A bathroom remodel is an excellent time to consider installing a new exhaust ventilator fan to remove odors, moisture, and mold spores. Many bathroom fans only vent to the space between ceiling joists, creating an environment for mold and dampness that can damage walls and ceilings. Make sure your new fan vents completely to the outside of your house.

Unfortunately, even properly installed fans that push the moist outdoors can carry away a lot of heated air as well. A clever solution to this problem is a heat-exchange ventilator that uses outgoing air to warm the cold incoming air. Such units cost about $250 uninstalled, twice the price of a standard fan. Whatever fan you have, avoid an on-off switch; it’s too easy to forget to turn it off. Replace it with a timer switch or, better yet, buy a new fan unit with a motion- or humidity-sensing switch.

Selecting green materials


A green bathroom remodel need not stint on style. Classic ceramic tile comes in limitless colors and patterns, and is a green choice due to its low maintenance, durability, and low toxicological impact. Some tiles have high recycled content; recycled glass tiles are a lovely way to do the right ecological thing. Not buying something new can be good green idea too. Consider refinishing your old tub or sink. Use the pros for the best results. Expect to pay $500 for a tub, $300 for a sink. You’ll save as much on installation costs.

LED illumination now produces pleasing light quality in fixtures that sip only 2 to 15 watts, emit little heat, andhave a life span of 15–20 years. They cost about three times as much as conventional fixtures but use so little electricity that the payback can be as short as a year.

Paint and vinyl coverings often come loaded with VOCs (volatile organic compounds) that threaten indoor air quality. Look for building materials with Green Seal certification. Green Seal is a non-profit, independent organization that certifies products claiming to be environmentally friendly. Low-VOC options in paints and adhesives can be found at your local home center.

Waste not


Much of our landfill (estimates range from 22% to 40%) comes from construction debris. Any steps that reduce landfill potentially reduce the chance of ground water pollution, the odor and unsightliness of a local landfill, and in some cases the high cost of shipping waste elsewhere. Much of the debris that comes from a remodeling tear-out is not salvageable, but old toilets, sinks, light fixtures, medicine cabinets, and vanities can be donated to an organization like Habitat for Humanity’s ReStore. In fact, it may be just what someone is seeking for their own green remodeling.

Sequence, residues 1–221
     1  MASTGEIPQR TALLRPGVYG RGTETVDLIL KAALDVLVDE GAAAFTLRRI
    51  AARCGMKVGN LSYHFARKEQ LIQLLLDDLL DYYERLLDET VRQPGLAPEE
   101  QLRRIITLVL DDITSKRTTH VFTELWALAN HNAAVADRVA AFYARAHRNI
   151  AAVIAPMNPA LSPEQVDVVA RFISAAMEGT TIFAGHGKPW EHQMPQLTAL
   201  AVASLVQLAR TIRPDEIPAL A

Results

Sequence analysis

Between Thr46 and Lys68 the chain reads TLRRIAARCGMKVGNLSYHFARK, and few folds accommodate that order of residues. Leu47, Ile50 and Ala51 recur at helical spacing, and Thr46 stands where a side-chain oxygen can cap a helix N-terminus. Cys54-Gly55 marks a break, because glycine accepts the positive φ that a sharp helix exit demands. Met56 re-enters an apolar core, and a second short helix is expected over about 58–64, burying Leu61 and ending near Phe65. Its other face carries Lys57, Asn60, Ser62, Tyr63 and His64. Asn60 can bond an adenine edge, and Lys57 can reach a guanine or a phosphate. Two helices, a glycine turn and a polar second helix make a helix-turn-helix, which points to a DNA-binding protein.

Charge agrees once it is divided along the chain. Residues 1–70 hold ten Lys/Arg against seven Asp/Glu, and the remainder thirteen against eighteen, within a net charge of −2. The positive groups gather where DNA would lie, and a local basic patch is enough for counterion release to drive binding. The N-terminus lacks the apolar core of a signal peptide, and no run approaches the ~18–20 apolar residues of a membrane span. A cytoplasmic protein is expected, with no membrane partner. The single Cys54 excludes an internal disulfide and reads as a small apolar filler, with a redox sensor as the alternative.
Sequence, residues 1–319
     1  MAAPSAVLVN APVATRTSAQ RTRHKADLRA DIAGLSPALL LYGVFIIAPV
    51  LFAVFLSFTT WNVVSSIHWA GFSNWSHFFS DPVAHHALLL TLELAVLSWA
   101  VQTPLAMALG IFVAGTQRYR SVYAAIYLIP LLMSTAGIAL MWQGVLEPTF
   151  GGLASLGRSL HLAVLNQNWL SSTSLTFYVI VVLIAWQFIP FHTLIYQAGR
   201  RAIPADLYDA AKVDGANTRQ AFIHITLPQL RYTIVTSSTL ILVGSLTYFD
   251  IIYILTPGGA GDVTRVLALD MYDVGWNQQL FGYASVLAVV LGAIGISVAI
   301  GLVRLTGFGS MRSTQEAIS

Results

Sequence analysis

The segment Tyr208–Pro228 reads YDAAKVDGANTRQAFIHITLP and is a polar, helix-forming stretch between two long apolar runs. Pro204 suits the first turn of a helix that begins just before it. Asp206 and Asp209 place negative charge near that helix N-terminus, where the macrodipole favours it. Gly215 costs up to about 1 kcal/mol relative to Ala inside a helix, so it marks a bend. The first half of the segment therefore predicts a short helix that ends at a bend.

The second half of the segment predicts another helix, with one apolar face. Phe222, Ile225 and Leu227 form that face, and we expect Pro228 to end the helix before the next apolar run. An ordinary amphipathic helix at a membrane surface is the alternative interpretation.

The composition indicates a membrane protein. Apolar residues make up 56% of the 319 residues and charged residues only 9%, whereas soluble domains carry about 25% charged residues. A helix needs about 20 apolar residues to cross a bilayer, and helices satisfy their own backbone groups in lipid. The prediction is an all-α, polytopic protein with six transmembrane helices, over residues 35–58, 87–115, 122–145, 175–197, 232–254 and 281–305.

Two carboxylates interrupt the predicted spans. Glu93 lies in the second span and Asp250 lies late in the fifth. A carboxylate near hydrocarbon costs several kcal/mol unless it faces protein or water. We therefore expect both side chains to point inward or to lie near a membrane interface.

Dave Toht has written or edited more than 60 books on home repair and remodeling, including titles for The Home Depot, Lowe’s, Better Homes & Gardens, Sunset, and Reader’s Digest. A former contractor with decades of hands-on experience, Dave was editor of Remodeling Ideas Magazine and continues to contribute to numerous how-to publications. He is currently putting the finishing touches on a green addition to his Olympia, Wash., home.

Read more: http://www.houselogic.com/articles/green-bathroom-remodeling/#ixzz1LVpaBmjI

Monday, May 2, 2011

Otto's Pizza Restaurant


Luscious pizza and superb wait staff!

101 Things I Love about Portland Maine





156. Bayside Bowling in Portland~~I guess this would be a fun place to bowl although I am not featuring this spot as a sporting person.  The food however is really good and the restaurant and bar are roomy and comfortable.  There is also live music.  The grilled pizza was good and the burgers are two-handed affairs!  Fries hot and crunchy and dessert of blueberry crisp--FAB!
http://www.baysidebowl.com/about.htm